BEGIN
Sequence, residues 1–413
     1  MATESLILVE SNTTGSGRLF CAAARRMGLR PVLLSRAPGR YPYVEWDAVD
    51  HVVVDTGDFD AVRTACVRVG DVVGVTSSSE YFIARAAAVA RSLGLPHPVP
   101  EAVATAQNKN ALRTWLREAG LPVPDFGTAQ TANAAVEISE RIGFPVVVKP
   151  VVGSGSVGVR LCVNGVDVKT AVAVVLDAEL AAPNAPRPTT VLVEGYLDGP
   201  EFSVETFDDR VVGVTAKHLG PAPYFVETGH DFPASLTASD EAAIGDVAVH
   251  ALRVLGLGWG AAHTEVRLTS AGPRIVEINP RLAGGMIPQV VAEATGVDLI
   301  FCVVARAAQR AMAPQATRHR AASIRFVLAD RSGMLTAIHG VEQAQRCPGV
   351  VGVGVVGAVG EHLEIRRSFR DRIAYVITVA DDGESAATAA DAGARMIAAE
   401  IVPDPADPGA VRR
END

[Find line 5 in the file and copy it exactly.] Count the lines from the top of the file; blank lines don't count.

   151  VVGSGSVGVR LCVNGVDVKT AVAVVLDAEL AAPNAPRPTT VLVEGYLDGP